Are Russian hacker-spies a bunch of lethargic government drones more interested in smash-and-grabs than stealth?  That’s one of the questions we pose to Mikko Hypponen in episode 86 (right after we ask about how to pronounce his name; turns out, that’s harder than you think).  Mikko is the Chief Research Officer at F-Secure and a long-time expert in computer security who has spoken and consulted around the world for over 20 years.  His company recently published a lengthy paper on Russian government cyberspies, which F-Secure calls “the Dukes.”  Mikko describes the Dukes’ targets and tactics, including a remarkably indiscriminate attack on a Tor exit node.  I press him on whether attribution is really getting better, and on whether F-Secure’s paper eases or heightens concerns about Kaspersky’s ties to Russian intelligence.

Mikko also joins us for the news roundup, where we do a damage assessment from the ECJ’s Safe Harbor demolition and I critique Brad Smith’s implausible solution to the transatlantic data rift.  We explain why Israel has decided to cut off data transfers to the US (hint:  it’s not concerns about aggressive counterterror surveillance).

And I wonder whether the House of Representatives passage of the Judicial Redress Act makes Jim Sensenbrenner the abused spouse of the European Commission (“I was going to give you this nice cause of action for your citizens when you slapped me upside the head with the Safe Harbor ruling.  So, uh, here it is anyway.  Now do you love me?”).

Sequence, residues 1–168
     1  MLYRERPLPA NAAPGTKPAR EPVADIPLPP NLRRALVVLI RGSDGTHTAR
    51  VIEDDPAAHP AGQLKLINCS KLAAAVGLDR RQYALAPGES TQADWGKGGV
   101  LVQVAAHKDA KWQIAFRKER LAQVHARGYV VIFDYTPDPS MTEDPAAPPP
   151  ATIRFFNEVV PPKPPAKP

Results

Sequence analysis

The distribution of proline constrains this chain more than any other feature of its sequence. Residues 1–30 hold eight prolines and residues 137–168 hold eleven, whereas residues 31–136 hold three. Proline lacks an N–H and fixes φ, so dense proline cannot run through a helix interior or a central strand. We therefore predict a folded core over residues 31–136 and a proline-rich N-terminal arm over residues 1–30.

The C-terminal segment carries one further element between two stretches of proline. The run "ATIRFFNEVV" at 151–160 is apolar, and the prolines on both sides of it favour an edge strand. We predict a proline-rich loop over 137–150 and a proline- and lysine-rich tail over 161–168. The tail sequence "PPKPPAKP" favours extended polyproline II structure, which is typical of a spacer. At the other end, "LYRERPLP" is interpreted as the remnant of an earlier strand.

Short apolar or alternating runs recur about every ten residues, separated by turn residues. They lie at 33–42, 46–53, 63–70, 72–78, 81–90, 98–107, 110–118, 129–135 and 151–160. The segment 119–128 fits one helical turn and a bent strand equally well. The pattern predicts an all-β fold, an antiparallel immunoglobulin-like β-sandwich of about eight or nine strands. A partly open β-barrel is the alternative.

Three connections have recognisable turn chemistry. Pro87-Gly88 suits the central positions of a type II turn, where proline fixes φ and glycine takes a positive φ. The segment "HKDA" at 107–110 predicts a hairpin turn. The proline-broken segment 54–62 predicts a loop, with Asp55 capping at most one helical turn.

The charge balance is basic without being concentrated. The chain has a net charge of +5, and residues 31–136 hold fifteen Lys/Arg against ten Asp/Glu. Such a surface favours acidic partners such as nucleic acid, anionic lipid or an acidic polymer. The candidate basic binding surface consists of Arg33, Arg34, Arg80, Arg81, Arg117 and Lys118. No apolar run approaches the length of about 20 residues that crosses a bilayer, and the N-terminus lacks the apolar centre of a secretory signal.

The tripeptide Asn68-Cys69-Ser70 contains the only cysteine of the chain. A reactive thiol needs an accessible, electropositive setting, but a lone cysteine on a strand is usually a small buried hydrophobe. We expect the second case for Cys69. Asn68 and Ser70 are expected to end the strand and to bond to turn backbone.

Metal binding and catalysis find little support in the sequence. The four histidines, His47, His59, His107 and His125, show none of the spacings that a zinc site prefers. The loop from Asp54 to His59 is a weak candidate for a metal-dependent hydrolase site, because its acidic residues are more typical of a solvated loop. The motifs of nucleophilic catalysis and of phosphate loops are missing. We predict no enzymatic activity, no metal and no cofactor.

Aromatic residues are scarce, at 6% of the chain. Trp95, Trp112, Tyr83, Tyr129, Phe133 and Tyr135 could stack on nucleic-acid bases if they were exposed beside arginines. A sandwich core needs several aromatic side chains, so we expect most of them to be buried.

CISA comes to the floor at last.  I scope the pending amendments.  Two of them would greatly increase the “privacy tax” on information sharing; the only good thing about Sens. Wyden and Heller’s proposals is how much business it will create for lawyers.  Sen. Franken has an amendment that strips the mask from the privacy lobby.  The privacy groups that support the Franken amendment aren’t just pro-privacy, they’re anti-security.  The amendment would prevent companies from sharing information that might disclose a security risk and require instead an individualized determination that the signature makes a compromise “reasonably likely.”  The fight over the Cotton amendment to allow sharing with the FBI or Secret Service rather than DHS, meanwhile, looks like a turf fight disguised as a privacy issue.

In other news, we absolve CIA director Brennan of accusations of bad security in his email hack.  And in the back of the paper, where the dog-bites-man stories go, CrowdStrike finds that Chinese cyberspies haven’t yet stopped stealing commercial secrets.

Download the eighty-sixth episode (mp3).